The generativity of the online world, which Zittrain has written about, is like a pharmakon: it can be poison or cure, venom or remedy.
The design of web technology, through its very nature, allows for the zero-cost transfer of information, its duplication, etc. If we want total protection of communication it will not be easy to achieve it online. We willingly connect to the Internet so maybe we should assume its limitations. If we want total security, we learn how to encrypt the communication channel: we do not send personal messages to anyone, we surf online anonymously; we do not allow anyone to get data about us, we have our own email server and use many proxies through which we can disappear without a trace; we do not do online transactions. It is possible but we would be missing the advantages of this medium. It is as though you were to send a letter by an invisible plane that deletes itself once it has been read. It is not feasible but it is possible. What is feasible is to use operating systems that can withstand attacks (e.g. Linux distributions), have secure and encrypted communication services (for which the company will assume the risks and pay for damages), and access only “clean” websites (without allowing cookies to be stored).
CG: You are a typical representative of the caste who knows what technology is all about and has no empathy with neophytes. What I’m afraid of is not so much the state as those individuals who are better at violating someone’s privacy, and all you say is, “Use proxies and Linux distributions or don’t use the Internet at all”. I haven’t a clue what a proxy is and Linux could be a cat for all I know. What’s more, I claim my right not to know, to treat the Internet the way I do a car engine: I don’t need to know how the car is made so I can drive it, and I don’t need to know about Linux so I can use the Internet. I want laws, tough laws that can defend me. I want to see those kids who break into email accounts for fun go to jail. I want to see the police slap spam-mailers with a fine, and so on. I want the Internet just as regulated as real life.
CV: As far as I’m concerned, even though its mascot is Tux the penguin, GNU/Linux is indeed a cat who purrs away nicely and protects the house from evil spirits! There are all sorts of feasible scenarios to suit you, with which you can defend your privacy by spending very little of your time and using free tools and knowledge which can be acquired in a few hours. The Internet is made up of a whole host of knowledge communities: you do not need to know anything at the beginning because you can find out from your fellows. The web is a technological pharmakon, the venom is based on the same prescription as the cure.
The complicated scenario of mega/para/super-encryption suggested above is not feasible for those tempted by the neo-Luddite community. Steam engines eventually vanquished the nineteenth-century Luddites. Computers will do the same. Don’t side with the Luddites!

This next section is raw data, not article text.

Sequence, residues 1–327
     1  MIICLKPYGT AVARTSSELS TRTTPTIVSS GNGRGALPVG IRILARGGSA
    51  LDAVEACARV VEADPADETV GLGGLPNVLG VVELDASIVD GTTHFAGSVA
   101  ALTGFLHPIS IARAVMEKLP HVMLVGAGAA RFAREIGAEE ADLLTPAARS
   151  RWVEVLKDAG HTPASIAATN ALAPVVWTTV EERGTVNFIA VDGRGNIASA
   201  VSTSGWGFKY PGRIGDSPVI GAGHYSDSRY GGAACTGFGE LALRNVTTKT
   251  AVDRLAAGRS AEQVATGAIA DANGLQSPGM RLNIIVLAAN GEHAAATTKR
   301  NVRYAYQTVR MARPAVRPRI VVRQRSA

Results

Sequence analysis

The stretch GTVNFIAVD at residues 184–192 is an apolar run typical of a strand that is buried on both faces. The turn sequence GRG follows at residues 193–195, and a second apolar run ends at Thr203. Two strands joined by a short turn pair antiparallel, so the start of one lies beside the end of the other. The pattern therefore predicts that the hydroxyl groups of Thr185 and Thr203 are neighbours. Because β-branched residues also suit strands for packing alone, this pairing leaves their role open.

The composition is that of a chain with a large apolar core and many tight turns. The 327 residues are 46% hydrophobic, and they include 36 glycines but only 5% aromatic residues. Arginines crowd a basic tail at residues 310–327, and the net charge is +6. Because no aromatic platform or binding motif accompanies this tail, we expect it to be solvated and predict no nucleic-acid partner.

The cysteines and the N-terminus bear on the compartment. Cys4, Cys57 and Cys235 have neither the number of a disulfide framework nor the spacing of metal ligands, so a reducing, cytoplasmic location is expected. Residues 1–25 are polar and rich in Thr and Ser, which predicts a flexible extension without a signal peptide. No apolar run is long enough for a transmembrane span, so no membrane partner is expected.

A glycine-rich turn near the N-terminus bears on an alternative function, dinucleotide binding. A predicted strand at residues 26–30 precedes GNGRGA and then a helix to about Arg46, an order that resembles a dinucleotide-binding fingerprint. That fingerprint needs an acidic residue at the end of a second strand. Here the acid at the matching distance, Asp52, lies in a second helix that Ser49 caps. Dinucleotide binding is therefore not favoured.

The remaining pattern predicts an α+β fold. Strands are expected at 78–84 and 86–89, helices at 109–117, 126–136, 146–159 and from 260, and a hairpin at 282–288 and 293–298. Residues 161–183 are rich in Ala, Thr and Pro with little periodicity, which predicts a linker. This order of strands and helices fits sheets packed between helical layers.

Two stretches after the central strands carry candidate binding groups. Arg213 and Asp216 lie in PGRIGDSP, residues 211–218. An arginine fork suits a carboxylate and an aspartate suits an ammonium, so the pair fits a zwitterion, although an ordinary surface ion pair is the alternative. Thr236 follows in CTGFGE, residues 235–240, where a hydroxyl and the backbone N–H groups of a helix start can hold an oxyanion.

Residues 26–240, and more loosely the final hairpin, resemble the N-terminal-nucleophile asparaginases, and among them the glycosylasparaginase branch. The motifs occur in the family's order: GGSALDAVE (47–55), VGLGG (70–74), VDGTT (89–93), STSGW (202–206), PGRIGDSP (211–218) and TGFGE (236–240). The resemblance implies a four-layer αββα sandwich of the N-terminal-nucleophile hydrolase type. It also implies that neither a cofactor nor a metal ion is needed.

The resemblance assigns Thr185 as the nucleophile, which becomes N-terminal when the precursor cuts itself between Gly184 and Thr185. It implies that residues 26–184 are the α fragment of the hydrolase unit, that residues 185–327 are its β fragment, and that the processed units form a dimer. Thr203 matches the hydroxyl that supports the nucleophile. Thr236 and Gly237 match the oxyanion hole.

It’s all very simple, especially since the state is on your side. The latter has hyper-regulated the Internet. First of all, all offline laws apply online as well. To which you add those specific to digital communication. Just as the state cannot guarantee that a more zealous postal employee won’t read your mail – but protects you in the event of that happening – likewise it cannot guarantee that some kid paid by a political party won’t break into your email account. You are not vulnerable by default but are constitutionally defended by the state: that kid, once he or she is found out, is an IT criminal who will be sent to prison. Everything is regulated, from e-commerce to personal data. They have already started to impose fines for sending spam, the situation is under control. Asking the state to defend you without being under attack, to turn the Internet into an environment which is 100 per cent secure, is like asking for a police officer to be based in your own home. China has managed just that. And why should you wait to be attacked when together we can make such attacks improbable through standards and dialogues like this one?
I do not accept the technological determinism which holds that we have lost all right to privacy, that privacy is no longer a social norm, that this is it: we are all connected to everything, information is the flux which has swallowed us, the Internet is a dangerous collective memory. I prefer to believe, perhaps in a utopian fashion, that the match is still on and that players are getting better and better.
- On the ruling of the German Constitutional Court and the "Europeanization" of the data privacy campaign, see: Ralf Bendrath, "From Karlsruhe to Brussels", first in Blätter für deutsche und Internationale Politik 4/2010.